French teacher Samuel Paty: Dozens of Tunisian artists and intellectuals signed a petition calling on the country’s judiciary to prosecute a parliamentarian who defended the murderous murder of French teacher Samuel Patty by Islamic radicals.
The signatories of the petition accused Rached Khiari of Tunisia of conniving terrorism in a social media post the day after Patty was murdered outside a school in the suburbs of Paris.
The signer of the petition wrote on the Change.org platform:
“To celebrate the beheading of Samuel Paty on social media, it seems to be a sacred punishment, which is a form of indirect murder.”
Signatories, including historian Sophie Bessis and former minister Kamel Jendoubi, urged Tunisian authorities to increase the immunity of lawmakers and allow prosecutors to investigate.
Paty, a 47-year-old history teacher, was stabbed to death outside the school in Conflans-Sainte-Honorine on October 16 because he showed and discussed it in a course on tolerance and freedom of expression Caricature of the Prophet Muhammad.
In France, the satirical weekly Charlie Hebdo was attacked in the Paris office, killing 12 people.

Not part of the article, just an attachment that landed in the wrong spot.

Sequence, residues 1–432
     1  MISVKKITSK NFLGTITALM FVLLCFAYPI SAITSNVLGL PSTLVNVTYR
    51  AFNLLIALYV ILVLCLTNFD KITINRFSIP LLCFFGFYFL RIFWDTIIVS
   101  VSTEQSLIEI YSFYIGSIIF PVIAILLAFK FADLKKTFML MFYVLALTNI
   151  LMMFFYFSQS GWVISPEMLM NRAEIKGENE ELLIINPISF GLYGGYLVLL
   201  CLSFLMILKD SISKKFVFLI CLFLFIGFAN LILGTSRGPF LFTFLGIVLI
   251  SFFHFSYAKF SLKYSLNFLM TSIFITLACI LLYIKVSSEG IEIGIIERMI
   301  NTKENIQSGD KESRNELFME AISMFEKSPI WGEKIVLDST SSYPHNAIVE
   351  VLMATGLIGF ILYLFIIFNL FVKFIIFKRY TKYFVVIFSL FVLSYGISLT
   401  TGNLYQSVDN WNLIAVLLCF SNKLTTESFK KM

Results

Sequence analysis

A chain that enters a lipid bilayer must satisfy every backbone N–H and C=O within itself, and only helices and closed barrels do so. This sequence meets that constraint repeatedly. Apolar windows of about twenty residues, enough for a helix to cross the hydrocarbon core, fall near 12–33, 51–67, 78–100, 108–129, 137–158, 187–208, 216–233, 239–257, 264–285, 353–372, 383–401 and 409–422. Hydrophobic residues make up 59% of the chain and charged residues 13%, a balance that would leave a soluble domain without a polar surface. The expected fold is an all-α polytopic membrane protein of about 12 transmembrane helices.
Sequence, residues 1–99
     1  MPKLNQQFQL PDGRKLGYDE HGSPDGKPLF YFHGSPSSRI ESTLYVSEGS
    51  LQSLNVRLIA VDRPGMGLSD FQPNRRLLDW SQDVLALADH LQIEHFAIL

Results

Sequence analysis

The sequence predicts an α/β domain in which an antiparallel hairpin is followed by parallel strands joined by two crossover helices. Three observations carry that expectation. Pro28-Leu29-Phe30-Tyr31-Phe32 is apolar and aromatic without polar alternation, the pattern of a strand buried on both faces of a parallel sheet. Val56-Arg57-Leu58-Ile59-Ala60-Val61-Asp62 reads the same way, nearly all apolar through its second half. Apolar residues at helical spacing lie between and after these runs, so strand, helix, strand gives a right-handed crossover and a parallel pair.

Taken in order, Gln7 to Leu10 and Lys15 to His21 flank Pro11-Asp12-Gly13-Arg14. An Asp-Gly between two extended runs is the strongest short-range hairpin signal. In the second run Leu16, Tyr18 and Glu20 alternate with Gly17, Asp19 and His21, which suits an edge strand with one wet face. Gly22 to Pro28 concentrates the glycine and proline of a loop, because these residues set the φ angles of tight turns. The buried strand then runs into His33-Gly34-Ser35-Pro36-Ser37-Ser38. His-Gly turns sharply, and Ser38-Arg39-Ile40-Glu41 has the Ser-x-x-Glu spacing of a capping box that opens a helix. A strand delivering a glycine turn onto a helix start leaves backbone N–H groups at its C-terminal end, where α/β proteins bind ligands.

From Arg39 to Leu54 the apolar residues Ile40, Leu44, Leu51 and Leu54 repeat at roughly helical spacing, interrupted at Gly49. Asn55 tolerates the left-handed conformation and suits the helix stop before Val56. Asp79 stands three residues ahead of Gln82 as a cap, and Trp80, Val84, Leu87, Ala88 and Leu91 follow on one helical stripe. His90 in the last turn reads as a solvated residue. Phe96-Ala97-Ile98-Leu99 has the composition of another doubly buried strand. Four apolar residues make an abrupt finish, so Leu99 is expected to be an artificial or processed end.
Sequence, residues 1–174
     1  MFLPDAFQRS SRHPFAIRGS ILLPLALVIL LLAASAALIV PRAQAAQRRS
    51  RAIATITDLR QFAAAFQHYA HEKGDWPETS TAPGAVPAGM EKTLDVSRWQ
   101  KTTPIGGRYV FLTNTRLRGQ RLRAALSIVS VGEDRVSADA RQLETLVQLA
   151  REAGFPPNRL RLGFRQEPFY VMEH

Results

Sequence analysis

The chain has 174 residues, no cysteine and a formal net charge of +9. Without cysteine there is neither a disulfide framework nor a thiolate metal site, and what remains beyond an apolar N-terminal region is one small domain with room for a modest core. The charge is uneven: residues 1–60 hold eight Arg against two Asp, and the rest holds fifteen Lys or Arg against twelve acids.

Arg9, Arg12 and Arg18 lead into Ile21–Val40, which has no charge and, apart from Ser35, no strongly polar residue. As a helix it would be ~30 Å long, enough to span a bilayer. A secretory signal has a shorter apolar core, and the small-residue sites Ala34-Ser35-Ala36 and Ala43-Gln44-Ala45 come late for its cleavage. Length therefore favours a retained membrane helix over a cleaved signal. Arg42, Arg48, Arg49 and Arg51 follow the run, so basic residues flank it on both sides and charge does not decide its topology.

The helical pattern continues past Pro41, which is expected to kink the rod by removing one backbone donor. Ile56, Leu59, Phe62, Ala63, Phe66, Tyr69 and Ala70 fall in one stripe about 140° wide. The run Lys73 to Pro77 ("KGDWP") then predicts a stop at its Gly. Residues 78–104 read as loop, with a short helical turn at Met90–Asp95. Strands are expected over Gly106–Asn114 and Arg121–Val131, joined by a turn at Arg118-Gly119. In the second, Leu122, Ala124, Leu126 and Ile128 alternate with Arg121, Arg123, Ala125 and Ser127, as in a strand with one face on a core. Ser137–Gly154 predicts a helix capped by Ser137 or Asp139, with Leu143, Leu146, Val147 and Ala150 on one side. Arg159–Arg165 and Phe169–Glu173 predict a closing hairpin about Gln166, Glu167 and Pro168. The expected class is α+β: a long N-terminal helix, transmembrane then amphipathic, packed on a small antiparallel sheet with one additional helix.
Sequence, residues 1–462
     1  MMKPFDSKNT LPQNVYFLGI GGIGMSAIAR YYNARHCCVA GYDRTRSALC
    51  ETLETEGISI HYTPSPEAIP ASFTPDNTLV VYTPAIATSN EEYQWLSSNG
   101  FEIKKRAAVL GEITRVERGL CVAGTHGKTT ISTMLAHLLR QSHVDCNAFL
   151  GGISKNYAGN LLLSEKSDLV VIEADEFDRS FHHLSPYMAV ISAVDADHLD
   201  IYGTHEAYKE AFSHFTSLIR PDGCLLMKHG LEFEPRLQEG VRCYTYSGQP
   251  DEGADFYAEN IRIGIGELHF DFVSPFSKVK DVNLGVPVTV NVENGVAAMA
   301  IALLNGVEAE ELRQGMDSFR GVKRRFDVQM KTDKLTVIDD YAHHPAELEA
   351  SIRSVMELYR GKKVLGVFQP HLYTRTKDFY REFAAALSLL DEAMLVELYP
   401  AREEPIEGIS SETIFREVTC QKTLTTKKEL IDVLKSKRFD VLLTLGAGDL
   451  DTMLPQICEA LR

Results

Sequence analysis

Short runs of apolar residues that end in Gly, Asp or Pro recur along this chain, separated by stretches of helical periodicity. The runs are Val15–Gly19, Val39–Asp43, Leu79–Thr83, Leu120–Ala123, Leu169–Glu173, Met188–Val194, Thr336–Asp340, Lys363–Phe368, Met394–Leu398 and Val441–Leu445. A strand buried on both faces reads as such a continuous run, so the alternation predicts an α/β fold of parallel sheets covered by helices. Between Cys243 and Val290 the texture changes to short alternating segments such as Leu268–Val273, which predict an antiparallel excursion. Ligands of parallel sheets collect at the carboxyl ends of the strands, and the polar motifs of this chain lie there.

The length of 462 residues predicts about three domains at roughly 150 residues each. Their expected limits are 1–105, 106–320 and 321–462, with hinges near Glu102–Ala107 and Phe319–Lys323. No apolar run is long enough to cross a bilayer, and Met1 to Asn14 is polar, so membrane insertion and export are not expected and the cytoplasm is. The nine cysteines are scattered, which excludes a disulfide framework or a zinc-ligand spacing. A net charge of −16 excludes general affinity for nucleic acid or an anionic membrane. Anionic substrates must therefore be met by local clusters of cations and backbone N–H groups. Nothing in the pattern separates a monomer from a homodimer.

Five years later, he was brutally killed by radical Islamists, touching the nerves of the French.
One day after Patty’s murder, Khiari, who was elected as an independent under the color of Islamic Party Kalama, wrote on Facebook: “Offending the Prophet Muhammad is the most serious crime.
Those who commit such crimes must bear the consequences. ” Tunisia’s deputy prosecutor Mohsen Dali told AFP on October 19 that a special anti-terrorist brigade was tasked with investigating social media posts.
The signatories of the petition said:
“Tolerating terrorism itself is one of the many extreme forms of terrorism.” “Physical terrorism appears in the Tunisian parliament in the form of oral terrorism” and regrets the fact.
Fat man in disguise:
A signer, French and Tunisian writer Fethi Benslama said that the fight against terrorism must focus on the hate speech of authority figures, and hate speech often occurs before terrorist attacks.
Ben Slama told France on the 24th: “It is clear today that we have to fight against those who have been word of mouth,” Ben Slama told France on the 24th “These people are disguised”.